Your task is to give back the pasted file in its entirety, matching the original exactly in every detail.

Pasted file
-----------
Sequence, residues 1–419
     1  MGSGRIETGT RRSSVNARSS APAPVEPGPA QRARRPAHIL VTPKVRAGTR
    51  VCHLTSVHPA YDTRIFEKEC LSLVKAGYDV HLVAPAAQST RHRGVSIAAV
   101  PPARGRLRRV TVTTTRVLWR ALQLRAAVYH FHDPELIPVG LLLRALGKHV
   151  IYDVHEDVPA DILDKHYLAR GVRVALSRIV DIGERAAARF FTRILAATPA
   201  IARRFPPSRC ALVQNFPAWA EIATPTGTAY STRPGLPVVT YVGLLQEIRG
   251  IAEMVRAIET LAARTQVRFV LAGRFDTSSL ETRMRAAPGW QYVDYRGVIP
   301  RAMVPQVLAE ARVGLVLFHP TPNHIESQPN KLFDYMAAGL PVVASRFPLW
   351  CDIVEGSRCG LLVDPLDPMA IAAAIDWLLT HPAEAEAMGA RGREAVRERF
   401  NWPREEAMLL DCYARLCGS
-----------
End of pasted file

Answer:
Sequence, residues 1–419
     1  MGSGRIETGT RRSSVNARSS APAPVEPGPA QRARRPAHIL VTPKVRAGTR
    51  VCHLTSVHPA YDTRIFEKEC LSLVKAGYDV HLVAPAAQST RHRGVSIAAV
   101  PPARGRLRRV TVTTTRVLWR ALQLRAAVYH FHDPELIPVG LLLRALGKHV
   151  IYDVHEDVPA DILDKHYLAR GVRVALSRIV DIGERAAARF FTRILAATPA
   201  IARRFPPSRC ALVQNFPAWA EIATPTGTAY STRPGLPVVT YVGLLQEIRG
   251  IAEMVRAIET LAARTQVRFV LAGRFDTSSL ETRMRAAPGW QYVDYRGVIP
   301  RAMVPQVLAE ARVGLVLFHP TPNHIESQPN KLFDYMAAGL PVVASRFPLW
   351  CDIVEGSRCG LLVDPLDPMA IAAAIDWLLT HPAEAEAMGA RGREAVRERF
   401  NWPREEAMLL DCYARLCGS